Virtual Environmental and Humanitarian Adviser Tool – (VEHA Tool) is a tool
to easily integrate environmental considerations in humanitarian response. Field Implementation guidances are useful for the design and execution of humanitarian activities in the field.

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VEHA - Field Implementation Guidance

Essential Healthcare - Mental health care
Essential Healthcare - Mental health care
Working with community members, including marginalised people, to strengthen community self-help and social support

Working with community members, including marginalised people, to strengthen community self-help and social support


Environmental factors causing/contributing to the needs and affecting the humanitarian activity

Man-made and so-called natural hazards can cause significant amounts of destruction impacting the environment, livelihoods, and health of the population as well as their psychological wellbeing. Additionally, environmental factors following a traumatic event include recurring exposure to upsetting reminders of the trauma, additional adverse life events, financial or other losses related to the trauma. Inappropriate social support post-trauma can also impact someone recovering from a hugely traumatic event.

Gender, age, disability and HIV/AIDS implications

People who are living with disabilities, chronic health conditions, terminal illness, disabilities, loneliness, social exclusion, conflict, discrimination, and displacement are all significantly more likely to require mental health support.


Environmental impact categories

Air pollution
Soil pollution
Water pollution
Loss of biodiversity and ecosystems
Natural resource depletion
Cultural acceptance
Impact on wellbeing / mental health

Summary of Impacts
Potential environmental impacts
  • Community visits could cause pollution from vehicles and solid waste production.
  • Community activities may be polluting the air, soil, and water, or spreading disease.
Impact detail
Detailed potential environmental impact information

Working with community members can impact the environment directly. This includes pollution from vehicles, solid waste production from any resources distributed, and even unintentional communication of environmentally harmful coping mechanisms such as suggestions to implement community projects without considering the impacts on the environment and natural resources.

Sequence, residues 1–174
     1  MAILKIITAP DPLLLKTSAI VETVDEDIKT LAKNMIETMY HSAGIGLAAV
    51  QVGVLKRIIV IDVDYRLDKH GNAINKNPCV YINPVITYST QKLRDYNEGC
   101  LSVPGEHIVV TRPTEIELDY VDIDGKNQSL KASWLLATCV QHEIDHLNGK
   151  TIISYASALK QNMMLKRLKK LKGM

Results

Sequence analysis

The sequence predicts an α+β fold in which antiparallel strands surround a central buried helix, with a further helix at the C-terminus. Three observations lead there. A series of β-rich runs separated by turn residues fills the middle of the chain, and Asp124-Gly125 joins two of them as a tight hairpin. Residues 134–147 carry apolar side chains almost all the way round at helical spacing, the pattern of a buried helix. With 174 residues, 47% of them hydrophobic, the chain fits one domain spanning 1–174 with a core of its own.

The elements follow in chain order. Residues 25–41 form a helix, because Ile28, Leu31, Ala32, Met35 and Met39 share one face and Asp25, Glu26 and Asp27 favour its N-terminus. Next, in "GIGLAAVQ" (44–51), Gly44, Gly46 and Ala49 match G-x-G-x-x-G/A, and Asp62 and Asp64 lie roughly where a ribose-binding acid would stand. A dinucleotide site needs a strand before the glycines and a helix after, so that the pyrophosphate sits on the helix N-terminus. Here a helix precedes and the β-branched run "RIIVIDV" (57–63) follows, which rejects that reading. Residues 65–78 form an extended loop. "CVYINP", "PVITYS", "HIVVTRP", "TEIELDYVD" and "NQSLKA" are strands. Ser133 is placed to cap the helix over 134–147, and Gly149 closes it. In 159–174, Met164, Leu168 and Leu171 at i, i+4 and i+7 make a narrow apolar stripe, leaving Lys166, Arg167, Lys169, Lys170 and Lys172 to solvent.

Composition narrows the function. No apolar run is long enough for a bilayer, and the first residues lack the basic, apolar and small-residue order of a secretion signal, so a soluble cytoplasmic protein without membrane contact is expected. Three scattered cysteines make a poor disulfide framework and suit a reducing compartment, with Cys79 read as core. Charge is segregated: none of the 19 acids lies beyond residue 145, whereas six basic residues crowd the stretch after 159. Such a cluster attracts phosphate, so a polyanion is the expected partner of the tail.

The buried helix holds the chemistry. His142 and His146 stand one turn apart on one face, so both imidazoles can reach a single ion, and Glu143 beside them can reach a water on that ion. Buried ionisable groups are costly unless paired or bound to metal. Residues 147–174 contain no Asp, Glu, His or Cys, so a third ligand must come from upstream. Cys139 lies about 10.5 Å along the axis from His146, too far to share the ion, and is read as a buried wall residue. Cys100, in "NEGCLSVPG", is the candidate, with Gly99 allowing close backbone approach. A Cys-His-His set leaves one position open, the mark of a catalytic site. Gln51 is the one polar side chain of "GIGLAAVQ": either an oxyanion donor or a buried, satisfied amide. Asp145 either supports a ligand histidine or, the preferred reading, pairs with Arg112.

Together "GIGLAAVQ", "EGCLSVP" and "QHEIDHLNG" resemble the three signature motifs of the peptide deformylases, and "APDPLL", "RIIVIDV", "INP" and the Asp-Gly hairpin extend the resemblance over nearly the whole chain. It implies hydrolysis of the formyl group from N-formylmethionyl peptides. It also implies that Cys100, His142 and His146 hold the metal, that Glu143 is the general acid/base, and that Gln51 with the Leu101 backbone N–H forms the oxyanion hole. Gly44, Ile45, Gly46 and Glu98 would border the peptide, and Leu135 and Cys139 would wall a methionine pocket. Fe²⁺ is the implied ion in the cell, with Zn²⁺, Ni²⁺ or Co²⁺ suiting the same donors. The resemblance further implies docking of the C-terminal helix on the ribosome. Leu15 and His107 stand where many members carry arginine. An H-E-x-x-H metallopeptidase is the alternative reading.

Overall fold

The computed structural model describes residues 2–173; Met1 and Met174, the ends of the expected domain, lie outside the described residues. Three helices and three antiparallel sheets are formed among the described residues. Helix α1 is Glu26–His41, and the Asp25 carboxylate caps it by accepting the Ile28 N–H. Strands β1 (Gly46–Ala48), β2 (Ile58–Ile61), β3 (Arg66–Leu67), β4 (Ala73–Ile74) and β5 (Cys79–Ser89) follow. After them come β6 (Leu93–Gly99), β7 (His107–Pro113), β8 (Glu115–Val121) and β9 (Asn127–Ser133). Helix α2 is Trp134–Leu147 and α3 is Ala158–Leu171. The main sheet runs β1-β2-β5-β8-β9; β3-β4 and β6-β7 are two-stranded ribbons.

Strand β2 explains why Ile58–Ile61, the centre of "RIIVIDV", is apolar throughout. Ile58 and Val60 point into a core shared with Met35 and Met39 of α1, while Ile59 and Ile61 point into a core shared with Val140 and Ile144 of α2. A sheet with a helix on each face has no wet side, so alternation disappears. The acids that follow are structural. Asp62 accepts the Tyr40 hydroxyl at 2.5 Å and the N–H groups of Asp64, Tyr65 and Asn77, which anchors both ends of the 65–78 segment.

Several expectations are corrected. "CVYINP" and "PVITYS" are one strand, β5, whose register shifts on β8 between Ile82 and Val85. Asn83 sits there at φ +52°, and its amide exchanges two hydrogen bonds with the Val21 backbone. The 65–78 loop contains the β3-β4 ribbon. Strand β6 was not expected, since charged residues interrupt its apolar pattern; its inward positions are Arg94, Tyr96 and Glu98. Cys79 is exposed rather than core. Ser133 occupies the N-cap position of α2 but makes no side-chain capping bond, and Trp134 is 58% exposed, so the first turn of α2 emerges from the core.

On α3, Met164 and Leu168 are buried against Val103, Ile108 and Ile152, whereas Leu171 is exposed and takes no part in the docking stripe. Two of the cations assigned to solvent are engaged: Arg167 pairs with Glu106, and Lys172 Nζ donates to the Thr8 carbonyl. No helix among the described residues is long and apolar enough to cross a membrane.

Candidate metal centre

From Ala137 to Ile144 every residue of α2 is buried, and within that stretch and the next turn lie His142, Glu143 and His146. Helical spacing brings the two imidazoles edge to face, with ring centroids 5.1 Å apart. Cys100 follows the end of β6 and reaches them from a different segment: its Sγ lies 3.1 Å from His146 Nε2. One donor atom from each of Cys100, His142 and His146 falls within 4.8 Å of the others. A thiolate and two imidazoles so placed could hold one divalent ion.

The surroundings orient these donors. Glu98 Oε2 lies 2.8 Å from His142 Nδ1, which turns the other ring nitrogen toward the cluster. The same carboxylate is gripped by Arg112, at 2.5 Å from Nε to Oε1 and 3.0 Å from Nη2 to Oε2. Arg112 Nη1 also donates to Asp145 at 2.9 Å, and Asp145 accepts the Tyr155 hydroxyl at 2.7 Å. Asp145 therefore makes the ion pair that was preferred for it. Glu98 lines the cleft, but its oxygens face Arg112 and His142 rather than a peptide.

Community activities may be polluting the air, soil, and water, or spreading disease.


Summary of environmental activities
  • Community environmental cleanups
  • Community assessment of environmental drivers of health including mental health
  • Creation or restoration of green spaces
  •  Assess environmental impacts of health activities
  •  Use clean or fuel-efficient vehicles
  • Removal of any waste materials created by health response activities
  • Review messaging through an environmental lens
  • Assess community environmental behaviour impacts on mental health
Detailed guidance for implementing suggested environmental activities
  • Working with community members, including marginalised people, to strengthen community self-help and social support can include environmental activities to increase a sense of community through teamwork and create a better environmental space for the affected population. Green recreational space can often be associated with better psychological health, including reduced amounts of stress and anxiety.
  • The environmental impacts of health service delivery should always be assessed and reduced wherever possible. This means using electric, hybrid, or biodiesel fuelled vehicles if possible, or modern fuel-efficient, well-maintained vehicles others. Any waste materials generated by health service delivery should be taken back by workers to a facility where they can be properly recycled or disposed of. All community messaging should be reviewed through an environmental lens to ensure messages are not inadvertently communicating environmentally harmful messages.
  • Community behaviours should be assessed and health messaging should include the benefits of changing any harmful behaviours that pollute, spread disease or that could be detrimental to mental health.
Lessons Learnt
Lessons from past experiences

Many humanitarian responders now coordinate community health visits to minimise the total number of journeys.

Activity Measurement
Environmental indicators/monitoring examples
  • # of green spaces created with the intention of improving community wellbeing
  • # of community designed activities that are designed to improve relationships and wellbeing
Main Focus
Focus of suggested activities
  • Prevention of environmental damage
  • Mitigation of environmental damage
  • Environmental enhancement
Resource implications (physical assets, time, effort)
  • Time and resources to assess health response environmental impacts, community environmental behaviours that may affect mental health, and to design interventions, including clean up or creation of green spaces.

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